Ana Bossa Castro
Ana Bossa Castro, a native of Colombia, who won a 2014 award, is a third-year PhD student at Colorado State University (CSU). Her research project, Defeating Bacterial Diseases of Rice: Novel Resistance Sources for Rice Crops in Africa and Latin America, is a collaborative project among CSU, IRRI, and the International Center for Tropical Agriculture (CIAT) in Colombia. At IRRI, she is currently participating in the Institute’s 2015 3-week international course, Rice: Research to Production. The course is providing her with a unique opportunity to learn from experts about the latest rice research, as well as the most efficient production techniques. She is also meeting with Hei Leung and Nollie Vera Cruz, IRRI scientists collaborating with her to update them about her bacterial disease research and to discuss future experiments.
Haley Sater, a Minnesota native, who won a 2014 award, is working on her master’s degree at the University of Arkansas. Her research involves obtaining better abiotic stress tolerance in rice. These stresses, especially drought and salinity, limit rice production all over the world. Her time at IRRI earlier in 2015 involved a 3-month research project with breeders there to help close the information gap regarding dual drought and salinity tolerance in rice. She helped develop a method for phenotypic evaluation of the two stresses. This preliminary study provided a foundation for future research into the mechanism for dual stress resistance. It may also be used to help breeders determine which lines might be useful to incorporate into crosses to achieve hardier plant types for growing in drought- and salinity-afflicted areas.
Brad Tonnessen is a Ph.D. student in Plant Pathology at Colorado State University. He received a 2013 GRRF award to work at IRRI for 2.5 months on developing an alternate method to focusing on R genes for disease resistance in rice. His approach involved upgrading the responsiveness of co-regulated DR genes, so total efficiency of the plant defense response is optimized. His goal is to determine how arrangements of DR gene cis-elements known in rice compare among resistant and susceptible varieties and use this information to predict which cis-element sequences improve DR gene action. While at IRRI, he also interacted and discussed with IRRI scientists who are involved in genetic diversity assessment, gene/allele discovery, functional genomics, and rice breeding.
Alice Beban is a PhD candidate in the Department of Development Sociology, Cornell University. She received a 2013 GRRF award to travel to Cambodia to work on understanding the roles land reform plays in livelihood strategies and household power relations of Cambodian rice farmers. She suggests households with sufficient resources will increase investment in rice production and cash crops, while households with high debt and low labor resources will lease or sell the land. Her research in Cambodia during the January-May 2014 involved in-depth interviews and participant observation and community discussions and workshop in Phnom Penh.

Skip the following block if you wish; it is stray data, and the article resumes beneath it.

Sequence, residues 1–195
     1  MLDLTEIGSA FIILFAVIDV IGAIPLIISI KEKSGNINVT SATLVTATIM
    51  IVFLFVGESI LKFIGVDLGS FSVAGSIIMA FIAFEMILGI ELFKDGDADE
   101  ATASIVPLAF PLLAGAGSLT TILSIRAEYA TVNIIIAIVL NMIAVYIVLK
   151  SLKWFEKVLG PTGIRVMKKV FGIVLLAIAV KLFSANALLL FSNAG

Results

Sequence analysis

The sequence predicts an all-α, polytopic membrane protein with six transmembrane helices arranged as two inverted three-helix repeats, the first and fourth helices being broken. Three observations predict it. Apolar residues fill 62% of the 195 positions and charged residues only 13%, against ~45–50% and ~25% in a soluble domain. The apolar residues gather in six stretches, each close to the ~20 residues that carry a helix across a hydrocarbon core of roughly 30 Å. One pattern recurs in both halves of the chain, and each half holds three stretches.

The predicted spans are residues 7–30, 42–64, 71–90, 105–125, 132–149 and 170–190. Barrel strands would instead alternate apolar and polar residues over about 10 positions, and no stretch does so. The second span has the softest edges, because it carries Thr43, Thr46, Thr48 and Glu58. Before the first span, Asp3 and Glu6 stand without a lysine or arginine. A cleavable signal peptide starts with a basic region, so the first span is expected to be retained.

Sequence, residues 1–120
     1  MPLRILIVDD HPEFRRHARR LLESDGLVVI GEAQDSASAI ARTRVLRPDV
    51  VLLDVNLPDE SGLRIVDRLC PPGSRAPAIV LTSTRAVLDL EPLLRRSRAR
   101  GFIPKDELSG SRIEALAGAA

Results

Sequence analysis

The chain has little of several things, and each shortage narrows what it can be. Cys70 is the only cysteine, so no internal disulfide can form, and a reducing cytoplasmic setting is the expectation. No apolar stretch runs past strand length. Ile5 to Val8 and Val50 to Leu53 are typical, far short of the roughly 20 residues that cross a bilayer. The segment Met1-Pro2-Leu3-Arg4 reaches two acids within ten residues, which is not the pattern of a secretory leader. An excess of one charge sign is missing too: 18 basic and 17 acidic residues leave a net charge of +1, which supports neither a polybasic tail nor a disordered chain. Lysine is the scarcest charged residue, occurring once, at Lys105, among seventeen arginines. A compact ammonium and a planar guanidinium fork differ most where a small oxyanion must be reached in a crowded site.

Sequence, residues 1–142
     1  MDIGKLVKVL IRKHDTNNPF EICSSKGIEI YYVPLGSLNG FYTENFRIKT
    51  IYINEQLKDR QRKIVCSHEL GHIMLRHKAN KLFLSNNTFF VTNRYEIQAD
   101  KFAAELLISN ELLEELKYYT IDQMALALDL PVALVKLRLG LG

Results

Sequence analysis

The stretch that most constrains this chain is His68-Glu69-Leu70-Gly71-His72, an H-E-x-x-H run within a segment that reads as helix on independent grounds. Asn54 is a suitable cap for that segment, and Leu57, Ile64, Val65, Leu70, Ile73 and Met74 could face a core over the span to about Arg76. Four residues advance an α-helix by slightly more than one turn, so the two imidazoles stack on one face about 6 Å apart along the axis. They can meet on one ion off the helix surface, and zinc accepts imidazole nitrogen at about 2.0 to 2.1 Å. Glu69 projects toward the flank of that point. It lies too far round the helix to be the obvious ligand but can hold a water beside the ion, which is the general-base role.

Jenna Reeger applied from Penn State University where she was a University Graduate Fellow finishing her first year with Kathleen Brown and Jonathan Lynch in the Roots Lab, studying anatomical traits of rice roots and their genetic controls. Jenna’s work focused on determining the influence of increased percent aerenchyma area and other root anatomical traits on drought tolerance in rice in greenhouse and field trials and comparing anatomical trait development and influence under drought stress between greenhouse-grown and field-grown rice. She attended IRRI’s 2015 Rice: Research to Production Course 10-28 August, she learned the fundamentals of rice production and the key research concepts and methods employed in IRRI’s programs for rice improvement. She will be able to make use of that knowledge in her own research. She hopes to continue conducting drought trials with Dr. Amelia Henry, IRRI’s drought physiologist.
Gabriela Carmona’s work at the International Rice Research Institute (IRRI) with Dr. Ricardo Oliva’s team on host-microbe interactions to determine how to protect the rice plant against pests and pathogens was cut short by the COVID-19 emergency. Nonetheless she was able to meet international students and gain some familiarity with Dr. Oliva’s Host Plant Resistance Cluster with other research studies and activities. She took advantage of the opportunity to make some new connections and expand her network and build future partnerships among rice scientists in the US, Brazil and the Philippines.